maxresdefault[1].jpg

Manic is my thunder in the distance. I can tell when I am about to enter the dreaded manic state. With me it’s never harmful or aggressive toward another or myself. My manic state tells me to keep moving, stay busy, don’t think too much and don’t feel too much. And I don’t. I get a lot of things done around the house. I paint and love it. I just painted my living room and bedroom. I feel so accomplished.

It’s certainly not like that for eveyone who has Bipolar 1 which is the worst of the different levels of Bipolar. I feel fortunate that I am productive during those times. When I run out of things to do, sometimes I go shopping or just do something to get out of the house. I love to garden and keep up my yard. Plant flowers and just enjoy the beauty I create.

What’s a manic episode?
A manic episode is a mood state characterized by period of at least one week where an elevated, expansive, or unusually irritable mood exists. A person experiencing a manic episode is usually engaged in significant goal-directed activity beyond their normal activities. And that’s where I geet into trouble. I have to have projects to work on so I stay pretty active and civil. After years of dealing with the manic side which for me lasts sometimes months.

The symptoms of mania include: elevated mood, inflated self-esteem, decreased need for sleep, racing thoughts, difficulty maintaining attention, increase in goal-directed activity, and excessive involvement in pleasurable activities. These manic symptoms significantly impact a person’s daily living.
Another definition of manic is someone or something that shows wild and unrestrained enthusiasm, to the point of being in a frenzied state. A person jumping and dancing around with intense excitement is an example of someone who might be described as manic.

Sometimes the manic mood is more irritable than it is elevated, especially if the person’s wishes are curtailed or denied altogether. Often a person in the midst of mania will engage in multiple projects at the same time, with little premeditation or thought going into them, and finishing none of them. They may work on these projects at all hours of the day, with little regard for sleep or rest.

A person’s change in mood is typically associated with manic symptoms that should be observable by others (e.g., friends or relatives of the individual) and must be uncharacteristic of the individual’s usual state or behavior. In other words, they’re acting in a way that isn’t typical of themselves, and other people recognize it.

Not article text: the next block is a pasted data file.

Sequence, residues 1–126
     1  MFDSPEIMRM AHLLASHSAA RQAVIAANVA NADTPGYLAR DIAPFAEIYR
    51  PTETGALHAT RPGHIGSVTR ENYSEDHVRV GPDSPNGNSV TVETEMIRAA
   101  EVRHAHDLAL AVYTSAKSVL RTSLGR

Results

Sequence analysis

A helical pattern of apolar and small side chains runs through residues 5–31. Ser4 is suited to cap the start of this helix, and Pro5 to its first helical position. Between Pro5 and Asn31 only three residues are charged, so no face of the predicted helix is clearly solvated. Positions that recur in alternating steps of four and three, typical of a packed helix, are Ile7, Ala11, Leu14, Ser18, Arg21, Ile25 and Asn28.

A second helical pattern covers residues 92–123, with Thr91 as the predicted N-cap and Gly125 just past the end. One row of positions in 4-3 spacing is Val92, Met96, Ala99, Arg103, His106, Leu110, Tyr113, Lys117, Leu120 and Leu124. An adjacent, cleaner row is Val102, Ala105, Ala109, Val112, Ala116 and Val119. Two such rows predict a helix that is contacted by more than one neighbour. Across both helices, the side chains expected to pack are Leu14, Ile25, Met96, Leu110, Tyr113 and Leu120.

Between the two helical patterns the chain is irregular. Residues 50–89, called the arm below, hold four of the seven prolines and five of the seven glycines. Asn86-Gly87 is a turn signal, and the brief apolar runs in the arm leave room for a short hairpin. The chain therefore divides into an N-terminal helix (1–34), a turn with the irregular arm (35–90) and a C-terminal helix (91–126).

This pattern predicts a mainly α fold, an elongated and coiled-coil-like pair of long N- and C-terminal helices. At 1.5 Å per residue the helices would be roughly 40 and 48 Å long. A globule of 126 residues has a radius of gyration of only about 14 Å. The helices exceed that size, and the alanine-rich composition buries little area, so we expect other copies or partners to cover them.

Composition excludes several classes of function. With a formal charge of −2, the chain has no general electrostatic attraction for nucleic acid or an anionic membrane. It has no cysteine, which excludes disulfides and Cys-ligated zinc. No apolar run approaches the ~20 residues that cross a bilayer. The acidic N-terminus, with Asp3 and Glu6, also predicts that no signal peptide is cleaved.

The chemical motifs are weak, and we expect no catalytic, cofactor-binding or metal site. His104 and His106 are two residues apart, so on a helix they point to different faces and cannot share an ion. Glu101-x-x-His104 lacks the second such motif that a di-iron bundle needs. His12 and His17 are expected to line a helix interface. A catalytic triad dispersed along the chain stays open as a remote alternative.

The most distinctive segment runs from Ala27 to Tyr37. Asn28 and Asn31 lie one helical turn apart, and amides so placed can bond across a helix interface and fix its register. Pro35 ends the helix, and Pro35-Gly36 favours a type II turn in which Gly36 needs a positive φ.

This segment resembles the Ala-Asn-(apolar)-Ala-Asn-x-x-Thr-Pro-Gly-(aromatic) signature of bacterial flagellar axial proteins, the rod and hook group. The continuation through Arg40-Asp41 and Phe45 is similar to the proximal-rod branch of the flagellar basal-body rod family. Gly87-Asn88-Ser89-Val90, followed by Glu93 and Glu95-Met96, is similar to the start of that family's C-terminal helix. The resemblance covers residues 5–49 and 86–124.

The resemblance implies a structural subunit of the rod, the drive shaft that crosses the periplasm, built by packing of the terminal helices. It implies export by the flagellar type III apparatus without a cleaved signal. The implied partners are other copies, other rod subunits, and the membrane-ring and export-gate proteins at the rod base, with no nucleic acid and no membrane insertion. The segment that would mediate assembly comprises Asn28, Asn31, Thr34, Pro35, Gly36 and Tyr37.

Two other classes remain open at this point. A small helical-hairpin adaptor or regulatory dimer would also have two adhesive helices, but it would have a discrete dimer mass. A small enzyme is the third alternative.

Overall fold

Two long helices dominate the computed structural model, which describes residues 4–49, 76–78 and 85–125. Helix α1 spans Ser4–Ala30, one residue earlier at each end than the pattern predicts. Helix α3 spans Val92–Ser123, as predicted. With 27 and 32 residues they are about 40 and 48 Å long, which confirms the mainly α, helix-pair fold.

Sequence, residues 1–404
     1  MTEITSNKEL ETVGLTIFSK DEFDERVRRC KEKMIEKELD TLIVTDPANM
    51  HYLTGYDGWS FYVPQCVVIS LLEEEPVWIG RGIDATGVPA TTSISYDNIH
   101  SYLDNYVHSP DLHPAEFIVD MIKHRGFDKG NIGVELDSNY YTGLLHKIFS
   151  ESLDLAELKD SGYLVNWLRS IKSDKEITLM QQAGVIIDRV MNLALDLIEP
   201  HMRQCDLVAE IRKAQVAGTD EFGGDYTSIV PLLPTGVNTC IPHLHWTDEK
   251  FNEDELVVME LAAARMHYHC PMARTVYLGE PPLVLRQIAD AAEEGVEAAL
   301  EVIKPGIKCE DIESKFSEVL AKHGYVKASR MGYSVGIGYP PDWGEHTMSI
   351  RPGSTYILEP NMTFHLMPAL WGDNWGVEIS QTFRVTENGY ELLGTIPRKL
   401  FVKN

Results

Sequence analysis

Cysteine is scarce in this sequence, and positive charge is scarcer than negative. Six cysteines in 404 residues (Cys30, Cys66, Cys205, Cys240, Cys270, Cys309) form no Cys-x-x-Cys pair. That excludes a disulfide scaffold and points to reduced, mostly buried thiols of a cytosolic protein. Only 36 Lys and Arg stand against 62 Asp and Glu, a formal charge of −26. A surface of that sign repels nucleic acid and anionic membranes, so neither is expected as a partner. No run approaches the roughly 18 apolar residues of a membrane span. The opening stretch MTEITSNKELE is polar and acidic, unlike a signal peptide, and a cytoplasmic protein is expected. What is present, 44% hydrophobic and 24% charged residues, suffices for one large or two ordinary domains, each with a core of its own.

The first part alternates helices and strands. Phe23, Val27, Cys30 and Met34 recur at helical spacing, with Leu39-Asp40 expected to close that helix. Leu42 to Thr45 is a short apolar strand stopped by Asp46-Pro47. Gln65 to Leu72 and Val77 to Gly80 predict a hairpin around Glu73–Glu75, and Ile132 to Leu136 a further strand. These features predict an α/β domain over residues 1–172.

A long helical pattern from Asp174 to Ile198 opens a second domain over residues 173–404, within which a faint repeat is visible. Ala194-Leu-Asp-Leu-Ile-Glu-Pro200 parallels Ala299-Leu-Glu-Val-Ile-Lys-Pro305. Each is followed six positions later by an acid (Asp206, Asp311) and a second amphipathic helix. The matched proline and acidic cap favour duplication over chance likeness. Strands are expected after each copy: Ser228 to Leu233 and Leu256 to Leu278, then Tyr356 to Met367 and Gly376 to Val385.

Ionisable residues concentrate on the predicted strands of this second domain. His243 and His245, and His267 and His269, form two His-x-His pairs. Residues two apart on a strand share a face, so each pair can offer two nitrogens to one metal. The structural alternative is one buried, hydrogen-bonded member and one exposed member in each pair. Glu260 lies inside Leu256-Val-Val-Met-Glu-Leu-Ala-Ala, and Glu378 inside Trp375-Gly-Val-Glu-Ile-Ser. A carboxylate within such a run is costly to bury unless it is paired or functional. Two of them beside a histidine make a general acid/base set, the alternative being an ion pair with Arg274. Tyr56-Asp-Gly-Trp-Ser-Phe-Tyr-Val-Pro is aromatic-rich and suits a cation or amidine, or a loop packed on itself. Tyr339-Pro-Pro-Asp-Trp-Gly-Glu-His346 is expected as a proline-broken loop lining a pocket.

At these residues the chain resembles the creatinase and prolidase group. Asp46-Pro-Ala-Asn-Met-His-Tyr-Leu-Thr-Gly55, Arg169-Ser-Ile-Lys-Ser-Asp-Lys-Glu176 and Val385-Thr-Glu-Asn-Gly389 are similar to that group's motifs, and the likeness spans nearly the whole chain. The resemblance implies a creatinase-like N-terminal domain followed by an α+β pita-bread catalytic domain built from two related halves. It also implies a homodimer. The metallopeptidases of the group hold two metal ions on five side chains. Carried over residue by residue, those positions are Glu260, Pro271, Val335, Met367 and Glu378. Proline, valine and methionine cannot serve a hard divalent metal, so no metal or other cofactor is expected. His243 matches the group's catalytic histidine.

The manic feelings the person experiences should be severe enough to cause difficulty or impairment in their ability to function at work, with friends or family, at school, or other important areas in their life. Symptoms also cannot be the result of substance use or abuse (e.g., alcohol, drugs, medications) or caused by a general medical condition.

In order for a manic episode to be diagnosed, three (3) or more of the following symptoms must be present:
Inflated self-esteem or grandiosity
Decreased need for sleep (e.g., one feels rested after only 3 hours of sleep)
More talkative than usual or pressure to keep talking
Flight of ideas or subjective experience that thoughts are racing
Attention is easily drawn to unimportant or irrelevant items
Increase in goal-directed activity (either socially, at work or school; or sexually) or psychomotor agitation
Excessive involvement in pleasurable activities that have a high potential for painful consequences (e.g., engaging in unrestrained buying sprees, sexual indiscretions, or foolish business investments)

Specific Symptoms of a Manic Episode
In order for a manic episode to be diagnosed, three (3) or more of the following symptoms must be present:
Inflated self-esteem or grandiosity
Decreased need for sleep (e.g., one feels rested after only 3 hours of sleep)
More talkative than usual or pressure to keep talking
Flight of ideas or subjective experience that thoughts are racing
Attention is easily drawn to unimportant or irrelevant items
Increase in goal-directed activity (either socially, at work or school; or sexually) or psychomotor agitation
Excessive involvement in pleasurable activities that have a high potential for painful consequences (e.g., engaging in unrestrained buying sprees, sexual indiscretions, or foolish business investments)
Increased energy, activity, and restlessness
Excessively “high,” overly good, euphoric mood
Extreme irritability
Racing thoughts and talking very fast, jumping from one idea to another
Distractibility, can’t concentrate well
Little sleep needed
Unrealistic beliefs in one’s abilities and powers
Poor judgment
Spending sprees
A lasting period of behavior that is different from usual
Increased sexual drive
Abuse of drugs, particularly cocaine, alcohol, and sleeping medications
Provocative, intrusive, or aggressive behavior
Denial that anything is wrong

Advertisements